A new favorite.
(ORS is Oral Rehydration Salts, which are used commonly in community health programs as treatment for children with diarrhea, cholera patients, and now Ebola patients. When I told one of our Sierra Leonean drivers that I am loving the coconuts here, he said “It is good for ‘d’ body, it is our ORS!”)
The expat world in Sierra Leone is very surreal. You have a driver, you live in a place far above local purchasing power, you eat at restaurants that cater to expats. It’s very insular and it exists entirely parallel to life as a national. I’ve found it very hard to have any authentic experiences here.
Coconuts are my one exception.
I sneak out of the office compound and take a walk down one of the busiest roads in Freetown, cross the street and hope not to die (I try and wait for a local to dart into the traffic so I can cross at the same time-safety in numbers, right?), and stop at the petrol station where several people are selling items to passers by.
I go and ask the gentleman for a coconut, who has a wheelbarrow full of them. He asks me which one I want (sometimes, sometimes he just chooses for me) and proceeds to use his machete to whack off the outer layer, tap on it (to hear how much liquid is inside?), and cut a round hole at the top. I say thank you, take it from him and stand there to drink the contents and then hand it back. He whacks it open and scrapes out the meat and hands it to me. I pay him 2,000 leones (about 40 cents) and remain standing there eating the meat and then toss the husk into the back of the wheelbarrow with all the others.
And then I dart back across the street, feeling really proud of myself.
It is my one activity that makes me feel like I’m actually experiencing something of Sierra Leone.
I’ve never had fresh coconut before coming here and now I swear by it. I’m sure going to miss it. It just wouldn’t be the same buying it from a grocery store (nor do I have the machete skills for such a task).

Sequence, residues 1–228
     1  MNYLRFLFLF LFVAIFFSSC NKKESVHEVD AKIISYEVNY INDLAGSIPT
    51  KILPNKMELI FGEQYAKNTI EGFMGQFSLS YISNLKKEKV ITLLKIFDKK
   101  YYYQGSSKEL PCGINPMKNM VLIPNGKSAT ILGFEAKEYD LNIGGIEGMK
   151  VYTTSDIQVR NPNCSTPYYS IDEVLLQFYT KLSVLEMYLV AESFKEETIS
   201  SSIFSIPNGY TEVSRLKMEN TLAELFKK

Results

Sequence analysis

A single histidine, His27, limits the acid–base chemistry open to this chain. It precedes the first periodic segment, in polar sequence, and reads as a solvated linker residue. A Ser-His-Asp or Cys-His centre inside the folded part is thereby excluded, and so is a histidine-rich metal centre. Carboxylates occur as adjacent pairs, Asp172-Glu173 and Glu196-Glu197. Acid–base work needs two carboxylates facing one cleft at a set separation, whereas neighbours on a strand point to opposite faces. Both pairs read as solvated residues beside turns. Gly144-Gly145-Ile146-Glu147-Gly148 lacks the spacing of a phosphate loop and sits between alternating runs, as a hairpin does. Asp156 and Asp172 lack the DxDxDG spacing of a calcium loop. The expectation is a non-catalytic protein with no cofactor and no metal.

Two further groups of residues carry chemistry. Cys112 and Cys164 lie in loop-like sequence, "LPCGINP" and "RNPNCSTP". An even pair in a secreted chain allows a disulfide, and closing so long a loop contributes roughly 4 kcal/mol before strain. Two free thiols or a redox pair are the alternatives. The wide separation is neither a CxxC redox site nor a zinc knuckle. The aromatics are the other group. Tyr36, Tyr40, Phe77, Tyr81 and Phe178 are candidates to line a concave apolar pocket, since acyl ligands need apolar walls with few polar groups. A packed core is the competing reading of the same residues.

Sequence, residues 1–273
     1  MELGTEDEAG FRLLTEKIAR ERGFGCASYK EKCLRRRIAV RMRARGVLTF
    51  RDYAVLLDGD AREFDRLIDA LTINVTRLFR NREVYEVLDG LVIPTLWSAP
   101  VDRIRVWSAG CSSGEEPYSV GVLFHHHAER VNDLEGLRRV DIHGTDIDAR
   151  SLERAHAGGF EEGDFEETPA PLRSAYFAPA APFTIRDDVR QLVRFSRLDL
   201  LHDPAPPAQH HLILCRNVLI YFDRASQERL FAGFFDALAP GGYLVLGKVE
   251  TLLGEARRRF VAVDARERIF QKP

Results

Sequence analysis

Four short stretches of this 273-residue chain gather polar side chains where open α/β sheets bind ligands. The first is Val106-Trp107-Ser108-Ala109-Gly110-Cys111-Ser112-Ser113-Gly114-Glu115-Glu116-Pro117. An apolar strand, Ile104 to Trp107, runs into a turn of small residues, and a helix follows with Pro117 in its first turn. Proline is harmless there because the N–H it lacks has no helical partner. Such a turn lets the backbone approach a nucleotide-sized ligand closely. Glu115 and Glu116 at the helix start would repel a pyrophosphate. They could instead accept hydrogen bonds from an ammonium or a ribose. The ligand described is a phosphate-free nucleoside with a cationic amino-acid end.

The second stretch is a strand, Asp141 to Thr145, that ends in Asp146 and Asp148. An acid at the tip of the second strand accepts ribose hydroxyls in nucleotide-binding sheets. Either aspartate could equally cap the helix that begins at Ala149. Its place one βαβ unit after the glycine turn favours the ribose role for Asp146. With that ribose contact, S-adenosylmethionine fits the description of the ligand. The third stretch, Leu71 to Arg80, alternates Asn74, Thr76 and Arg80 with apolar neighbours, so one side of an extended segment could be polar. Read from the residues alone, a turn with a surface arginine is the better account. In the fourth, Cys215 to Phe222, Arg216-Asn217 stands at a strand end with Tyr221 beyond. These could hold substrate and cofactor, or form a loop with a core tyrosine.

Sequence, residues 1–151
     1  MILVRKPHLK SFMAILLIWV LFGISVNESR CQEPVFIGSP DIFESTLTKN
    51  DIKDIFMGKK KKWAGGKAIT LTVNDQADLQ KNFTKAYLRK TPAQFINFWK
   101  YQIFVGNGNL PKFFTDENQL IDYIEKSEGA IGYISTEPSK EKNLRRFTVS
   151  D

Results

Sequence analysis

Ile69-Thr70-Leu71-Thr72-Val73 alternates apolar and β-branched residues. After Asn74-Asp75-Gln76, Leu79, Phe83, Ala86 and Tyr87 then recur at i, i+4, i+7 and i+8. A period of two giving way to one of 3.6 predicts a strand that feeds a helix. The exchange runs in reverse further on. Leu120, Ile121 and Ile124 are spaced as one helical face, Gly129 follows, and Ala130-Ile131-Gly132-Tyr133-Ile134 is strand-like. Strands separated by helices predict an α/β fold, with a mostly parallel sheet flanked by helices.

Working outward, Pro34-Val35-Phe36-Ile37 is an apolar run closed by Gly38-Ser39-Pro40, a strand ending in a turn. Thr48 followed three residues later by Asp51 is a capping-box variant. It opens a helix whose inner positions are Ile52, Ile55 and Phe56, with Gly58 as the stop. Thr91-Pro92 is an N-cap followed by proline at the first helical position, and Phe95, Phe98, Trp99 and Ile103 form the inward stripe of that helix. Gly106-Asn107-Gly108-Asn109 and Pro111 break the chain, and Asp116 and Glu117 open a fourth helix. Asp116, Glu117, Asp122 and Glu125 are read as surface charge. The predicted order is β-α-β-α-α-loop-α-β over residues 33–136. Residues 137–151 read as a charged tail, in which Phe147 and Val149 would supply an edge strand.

I’ve been sucked into the foodie blogosphere, which is at once a yummy exploration and at the same time excruciatingly masochistic as my food options here in Sierra Leone are limited.
It isn’t a surprise to find that almost every food blog has an index of diet friendly recipes. But, what has surprised me is that every food blog has so many categories of diets.
It seems to be a very Western notion to describe one’s diet; like we are using our food choices as a way to add to our list of labels. It’s kind of a funny way in which we identify ourselves. “Hi, I’m Saundra and I’m wheat free, sugar free, and vegetarian though I eat fish…” (I’m none of those, btw).
Even for those of us who, thankfully, have no food allergies, we still tend to adhere to a diet or label our noshing habits. And inevitably, it changes with time, with age, with new research, and probably most often with new food fads.
I went from SAD, to vegetarian, to organic, to local, to whole foods, to omnivore (yes, I’ve always eaten dairy). These days, in my grass fed meat eating/raw milk/pastured eggs/organic/local veg eating life, I find the Weston A. Price dietary guidelines make the most sense. They are research based and advocate grass fed meat, lots of good fats, and raw milk from pastured cows.
Any diet recommending butter is a diet for me! Check them out:
I’m not one who exercises-at least not in the gym rat sort of way. But I do practice yoga fairly often. My yoga practice ebbs and flows according to how much time and extra cash I have, since I’m terrible at motivating to get out my mat at home. When I’m living abroad, it’s another story. In most of the places I’ve lived, I’ve had little freedom of movement because of the security or context of the place. Taking walks is limited and there certainly aren’t any yoga classes around. So, I get into a routine of doing yoga regularly on my own. (Below is a photo of me with my mat in the deserts of Chad.) My all time favorite video series is with Bryan Kest. You just have to watch a minute or two of his video to see why. The hair, the white suits, the oh-so hands on pose assists. I guarantee it will keep you on your mat for the entire 53 minutes. Enjoy!
I’m mildly obsessed with face products. I’m on a constant search for natural, organic products that will do magic.
I’ve recently tried Olivia Clementine’s face cream and it’s so dreamy! It has a wonderfully sweet smell, due in part to the beeswax in it (which is from her own hive). I’d like to try the rose face cream next as anything with rose sounds luxurious.